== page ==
So what about the men? Hara stated that the point is clear: to enrich the country and srengthen the national army forces. But slowly, education progressed along with the influential feminist movement within the country in 1970s. Female education had gone through a long journey.

Apart from these, the book also revealed the reality of current Japanese women: pursuing education and delaying marriages. But for Youki, she felt that some things remained unchanged, “I often been told of the same thing over and over again, of how men will bring happiness to women’s lives, “Dating white guys are also considered as something to look up to.” What Youki had mentioned, I believe, came from her own experiences. The conversation became more and more interesting.

As a Japanese woman who was brought up in the liberal western culture, she felt that women in Japan still face obstacles in the road towards independency. On one hand, Japan had progressed to be modernised, but patriach system still deeply rooted within the society.

*** 

Based on a survey done by the Sloan Centre on Aging and Work from Boston College last year, Japan did not improve much on the patriachy system. Studies were done to understand the roles of each gender for 2 main components: gender-based specific roles and equal responsibilities.  Couples from 7 countries (USA, Netherlands, Brazil, China, India, England and Japan) took this survey. Gender-based specific roles included couples’ opinion on stereotyping men’s role as main provider of the family while women’s role to take care of the household matters. Equal responsibilities included sharing responsibilities on every matters pertaining to providing and taking care of household together. Scoring system was based on 1 to 6, with 6 as the highest point.

“Since the 1950s, there were significant increases in the number of women joining the workforce,” said Rucha Bhate, one of the researchers in the Centre, “however, traditional values for gender-based roles are still popular in various communities.” The centre did the survey on working adults and found that Japan scored 3 points in favour of gender-based specific roles. For equal responsibilities, the country scored 4.5. This was, however, the lowest score compared to the rest of the participating countries.

Brazil, for example, scored 5.5 for equal responsibilities and 1.5 for gender-based specific roles. Others such as USA, Nethrelands, England and India scored an average of 5.5 for equal responsibilities and – except for India – scored lower than 2 for gender-based specfic roles. India scored 2.5, while China scored almost a 3.  The survey also uncovered interesting perspective regarding male dominancy. Conventional masculine community like China and Japan scored higher, 2.9 and 3.1 respectively. And for equal responsibilties, each scored 4.9 and 4.7, while other countries scored a mean of 5.5.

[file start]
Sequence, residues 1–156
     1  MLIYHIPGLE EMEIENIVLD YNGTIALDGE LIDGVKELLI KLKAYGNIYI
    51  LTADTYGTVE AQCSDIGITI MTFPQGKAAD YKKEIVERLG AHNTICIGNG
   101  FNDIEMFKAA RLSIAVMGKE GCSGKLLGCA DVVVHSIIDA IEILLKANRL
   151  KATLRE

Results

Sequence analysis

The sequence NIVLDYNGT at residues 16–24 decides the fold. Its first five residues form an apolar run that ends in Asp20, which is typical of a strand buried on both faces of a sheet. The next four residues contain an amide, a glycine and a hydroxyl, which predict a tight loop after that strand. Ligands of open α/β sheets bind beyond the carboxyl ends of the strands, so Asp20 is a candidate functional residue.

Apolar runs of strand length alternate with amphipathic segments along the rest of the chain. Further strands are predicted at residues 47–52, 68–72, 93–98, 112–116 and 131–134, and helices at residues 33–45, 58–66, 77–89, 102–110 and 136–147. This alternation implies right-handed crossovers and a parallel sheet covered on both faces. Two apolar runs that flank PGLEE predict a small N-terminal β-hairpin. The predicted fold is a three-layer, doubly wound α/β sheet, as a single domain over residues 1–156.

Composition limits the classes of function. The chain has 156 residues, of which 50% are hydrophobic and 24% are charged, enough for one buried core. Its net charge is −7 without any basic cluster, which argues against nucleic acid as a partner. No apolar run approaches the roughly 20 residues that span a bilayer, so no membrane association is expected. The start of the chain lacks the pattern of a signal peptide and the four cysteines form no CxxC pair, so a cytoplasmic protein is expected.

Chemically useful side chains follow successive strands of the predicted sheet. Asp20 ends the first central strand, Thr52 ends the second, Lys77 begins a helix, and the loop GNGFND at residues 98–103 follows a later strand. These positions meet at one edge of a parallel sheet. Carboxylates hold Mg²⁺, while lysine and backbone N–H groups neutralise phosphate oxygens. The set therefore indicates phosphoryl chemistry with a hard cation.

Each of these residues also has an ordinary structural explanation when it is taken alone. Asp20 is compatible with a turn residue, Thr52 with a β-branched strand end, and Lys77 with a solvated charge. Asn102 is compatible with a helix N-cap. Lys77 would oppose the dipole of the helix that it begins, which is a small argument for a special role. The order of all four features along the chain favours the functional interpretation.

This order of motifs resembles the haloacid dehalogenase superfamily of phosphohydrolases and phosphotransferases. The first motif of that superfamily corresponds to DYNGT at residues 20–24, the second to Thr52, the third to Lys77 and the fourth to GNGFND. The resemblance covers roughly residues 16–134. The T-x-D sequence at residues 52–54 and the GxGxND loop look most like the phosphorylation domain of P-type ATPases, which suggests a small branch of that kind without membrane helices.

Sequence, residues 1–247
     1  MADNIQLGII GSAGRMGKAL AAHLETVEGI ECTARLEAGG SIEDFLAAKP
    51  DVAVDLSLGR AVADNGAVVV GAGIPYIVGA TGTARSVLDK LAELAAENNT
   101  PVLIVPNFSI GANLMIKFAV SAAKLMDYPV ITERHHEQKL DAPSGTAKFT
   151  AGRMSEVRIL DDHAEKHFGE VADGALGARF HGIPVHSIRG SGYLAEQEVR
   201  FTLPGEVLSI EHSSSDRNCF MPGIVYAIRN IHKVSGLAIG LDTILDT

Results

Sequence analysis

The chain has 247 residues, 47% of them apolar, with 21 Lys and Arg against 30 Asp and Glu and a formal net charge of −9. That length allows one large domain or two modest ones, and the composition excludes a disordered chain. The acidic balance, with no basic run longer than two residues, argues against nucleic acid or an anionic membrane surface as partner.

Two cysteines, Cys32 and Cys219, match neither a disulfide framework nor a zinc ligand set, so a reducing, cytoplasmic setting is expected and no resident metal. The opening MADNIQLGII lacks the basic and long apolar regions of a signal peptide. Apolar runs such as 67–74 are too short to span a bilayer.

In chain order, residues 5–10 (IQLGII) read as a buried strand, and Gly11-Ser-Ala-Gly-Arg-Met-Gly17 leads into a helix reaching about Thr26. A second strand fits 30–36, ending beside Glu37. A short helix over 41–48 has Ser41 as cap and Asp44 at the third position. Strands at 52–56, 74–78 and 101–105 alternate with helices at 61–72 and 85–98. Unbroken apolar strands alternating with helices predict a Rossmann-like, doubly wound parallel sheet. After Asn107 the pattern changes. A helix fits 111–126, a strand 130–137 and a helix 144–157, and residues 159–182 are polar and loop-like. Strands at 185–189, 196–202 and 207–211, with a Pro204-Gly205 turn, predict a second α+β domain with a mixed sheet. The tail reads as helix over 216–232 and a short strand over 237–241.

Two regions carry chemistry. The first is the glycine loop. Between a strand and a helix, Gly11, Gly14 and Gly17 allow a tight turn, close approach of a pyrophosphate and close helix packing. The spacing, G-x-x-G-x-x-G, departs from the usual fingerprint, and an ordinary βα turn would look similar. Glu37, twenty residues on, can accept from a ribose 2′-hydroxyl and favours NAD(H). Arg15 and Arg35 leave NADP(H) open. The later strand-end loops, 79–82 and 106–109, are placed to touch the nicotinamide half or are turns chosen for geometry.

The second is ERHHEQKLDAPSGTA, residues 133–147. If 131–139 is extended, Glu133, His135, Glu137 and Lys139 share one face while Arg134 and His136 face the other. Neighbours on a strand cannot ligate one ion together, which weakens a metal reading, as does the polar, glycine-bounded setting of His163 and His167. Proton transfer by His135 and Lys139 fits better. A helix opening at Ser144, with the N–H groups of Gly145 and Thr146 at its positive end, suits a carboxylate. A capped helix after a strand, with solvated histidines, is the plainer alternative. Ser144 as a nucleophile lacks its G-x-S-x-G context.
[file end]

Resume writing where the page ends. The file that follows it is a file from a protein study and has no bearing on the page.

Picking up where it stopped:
“The traditional perspective on gender forces women to marry, to put education and career behind their kitchen counter,” stated Bhate,”This resulted in the disanvantages for women to fully maximise her education.” Readings from Sloan Centre on Ageing and Work, in my opinion, are not too far fetched from Youki’s environment in workplace and in the society where she grew up in. On one hand, she wanted Japanese women to be more independent. We continued our conversations throughout the Toyota event. In the bus, dinner, while waiting at the hotel and at last, via electronic mails. I remembered when her nose turned red as she battled against the raging flu, or when her cheek rosied up against the afternoon sun. Those did not stop her from smiling. “I wish to meet women who are more independent, who can bring changes,” said Youki, “They will be one of the biggest assets for the growth of the country’s economy.”

Download Original PDF Link: Perempuan yang Kutemui di Nagoya_BI220603  

Written by: Anugerah Perkasa. Anugerah.perkasa@bisnis.co.id